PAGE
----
Why don't Apple protect their software?

Discussion in 'Mac Apps and Mac App Store' started by stevehaslip, Jun 22, 2004.

  1. stevehaslip macrumors 6502a

    stevehaslip

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    #1
    with all the security and piracy issues with windows xp and other apps doesnt it strike you as surprising that apple doesn't put any kind of security on its software? (iLife, panther etc)

    i know final cut and stuff does but thats quite a but more expensive. is there some kind of security check that goes on when you enter your details and register? does it log the serial number of the panther cd? this way the user wouldnt even have to worry about putting in codes and stuff.

    i see that there isn't the mass piracy problems that there is for windows due to the amount of users, but with more press on apple around and more switchers something is gonna have to happen soon to protect future apple software?
     
  2. Nermal Moderator

    Nermal

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    #2
    Apple know how annoying things like XP's compulsory registration are. They're trying to avoid inconveniencing their customers but not putting any kinds of protection on their cheaper software. People have the right to make backups etc, so Apple are basically working on the honesty system. I suppose if it becomes a major problem then they would do something about it, but at the moment most of Apple's profits come from things that can't be pirated (hardware), so it isn't a big money loss for them.
     
  3. 748s macrumors 6502a

    748s

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    #3
    leverage. you need a mac to run the software. usually a newer mac.
    it's all about selling hardware.
     
  4. caveman_uk Guest

    caveman_uk

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    #4
    Exactly, the software is there to encourage you to buy a mac. The margins on Apple software isn't that huge compared to the market size and how much they cost to make. Compare the prices of Apple's software with their nearest competitors - eg. FCP and Avid.

    MS and Adobe etc make money through software. They don't have unpiratable hardware as their main revenue stream.
     
  5. 5300cs macrumors 68000

    5300cs

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    #5
    I also like to think that Apple has respect for its customers, unlike m$
     
  6. sandmann41 macrumors regular

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    #6
    I would say that is the biggest reason.
     
  7. MisterMe macrumors G4

    MisterMe

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    #7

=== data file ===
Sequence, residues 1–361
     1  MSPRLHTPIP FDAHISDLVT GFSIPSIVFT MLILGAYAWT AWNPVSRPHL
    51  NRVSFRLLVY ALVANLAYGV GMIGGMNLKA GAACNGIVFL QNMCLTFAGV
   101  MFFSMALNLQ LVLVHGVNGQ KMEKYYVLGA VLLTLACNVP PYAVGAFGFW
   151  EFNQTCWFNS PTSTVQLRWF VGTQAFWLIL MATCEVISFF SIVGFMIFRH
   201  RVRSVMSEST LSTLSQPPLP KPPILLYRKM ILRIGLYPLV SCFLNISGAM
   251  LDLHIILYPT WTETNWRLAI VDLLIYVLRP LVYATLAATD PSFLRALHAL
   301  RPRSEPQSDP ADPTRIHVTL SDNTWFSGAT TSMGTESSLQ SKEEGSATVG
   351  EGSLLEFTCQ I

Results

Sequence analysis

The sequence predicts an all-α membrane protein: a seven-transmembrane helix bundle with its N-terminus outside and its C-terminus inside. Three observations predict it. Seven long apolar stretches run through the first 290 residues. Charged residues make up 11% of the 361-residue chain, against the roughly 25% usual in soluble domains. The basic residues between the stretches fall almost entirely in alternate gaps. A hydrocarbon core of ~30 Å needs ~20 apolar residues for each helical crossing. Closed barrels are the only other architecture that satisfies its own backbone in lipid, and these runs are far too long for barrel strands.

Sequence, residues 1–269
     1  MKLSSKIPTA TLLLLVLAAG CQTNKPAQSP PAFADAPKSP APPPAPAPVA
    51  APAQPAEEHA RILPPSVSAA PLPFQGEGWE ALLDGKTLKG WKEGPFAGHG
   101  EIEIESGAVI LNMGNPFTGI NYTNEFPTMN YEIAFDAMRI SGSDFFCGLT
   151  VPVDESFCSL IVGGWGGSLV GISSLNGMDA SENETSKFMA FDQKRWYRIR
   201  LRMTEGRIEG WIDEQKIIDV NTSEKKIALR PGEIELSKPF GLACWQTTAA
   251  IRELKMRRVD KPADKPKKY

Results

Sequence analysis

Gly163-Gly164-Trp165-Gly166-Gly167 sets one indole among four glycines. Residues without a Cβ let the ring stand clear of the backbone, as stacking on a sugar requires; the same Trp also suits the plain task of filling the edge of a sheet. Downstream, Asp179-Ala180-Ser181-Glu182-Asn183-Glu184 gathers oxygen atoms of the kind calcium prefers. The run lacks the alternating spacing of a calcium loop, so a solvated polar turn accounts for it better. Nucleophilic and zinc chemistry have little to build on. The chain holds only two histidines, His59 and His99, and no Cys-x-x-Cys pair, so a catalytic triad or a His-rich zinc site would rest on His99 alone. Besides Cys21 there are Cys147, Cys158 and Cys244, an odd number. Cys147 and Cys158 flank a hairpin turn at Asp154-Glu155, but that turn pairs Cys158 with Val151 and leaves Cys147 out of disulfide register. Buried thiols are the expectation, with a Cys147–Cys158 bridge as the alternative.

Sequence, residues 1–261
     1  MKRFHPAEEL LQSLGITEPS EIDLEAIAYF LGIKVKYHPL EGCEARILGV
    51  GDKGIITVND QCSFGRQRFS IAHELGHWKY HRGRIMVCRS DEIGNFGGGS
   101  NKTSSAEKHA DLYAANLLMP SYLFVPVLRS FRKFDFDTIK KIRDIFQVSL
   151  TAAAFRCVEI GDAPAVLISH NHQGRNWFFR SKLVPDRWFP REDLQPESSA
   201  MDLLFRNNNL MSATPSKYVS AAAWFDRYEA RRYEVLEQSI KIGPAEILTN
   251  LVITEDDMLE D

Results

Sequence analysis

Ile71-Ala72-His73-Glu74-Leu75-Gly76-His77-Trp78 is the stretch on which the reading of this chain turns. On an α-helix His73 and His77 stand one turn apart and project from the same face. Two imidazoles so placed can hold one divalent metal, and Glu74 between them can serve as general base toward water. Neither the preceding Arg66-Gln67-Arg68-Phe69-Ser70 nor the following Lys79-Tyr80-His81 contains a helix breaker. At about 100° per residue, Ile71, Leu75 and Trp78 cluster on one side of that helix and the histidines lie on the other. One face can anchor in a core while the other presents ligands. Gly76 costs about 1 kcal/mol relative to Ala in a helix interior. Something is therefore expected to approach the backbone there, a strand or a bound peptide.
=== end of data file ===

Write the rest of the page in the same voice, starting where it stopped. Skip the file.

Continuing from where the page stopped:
The Mac is really a different culture with a different set of values. It is not just Apple that does not require activation for its software. That point was really brought home to me last year when I purchased Norton SystemWorks 2004 for a Windows machine at work. The software required activation which surprised me. I am also a licensed user of Norton SystemWorks 3.0 for the Mac. The Mac version is not even serialized.
     
  8. reaper macrumors 6502

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    #8
    I think you hit the nail on the head with that. From my brief experience in the Mac world (switched last April), the people seem genuinely more enthusiastic about their computer (and the company that makes them) and less willing to do something to hurt the platform. I think it's all about respect - Apple knows how to give it, Microsoft doesn't.

    - reaper
     
  9. stevehaslip thread starter macrumors 6502a

    stevehaslip

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    #9
    i tell you what, when i've had a problem no matter how small or large theres always someone to help you with a mac. that help is free because people are willing to give it, unlike in the windows world where everyone is only in it to make money. sure there are support lines for macs but its not necessarily the first port of call.

    when i have a problem i turn to the mac community.

    when my brother has a problem do you know where he turns? google!
     
  10. m4rc macrumors 6502

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    #10
    This is so true. I have had to pay for so much assistance on windows PC's, where as every problem I have had with a mac has been solved by people on the net for free.
     
  11. matthew24 macrumors 6502

    matthew24

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    #11
    Trust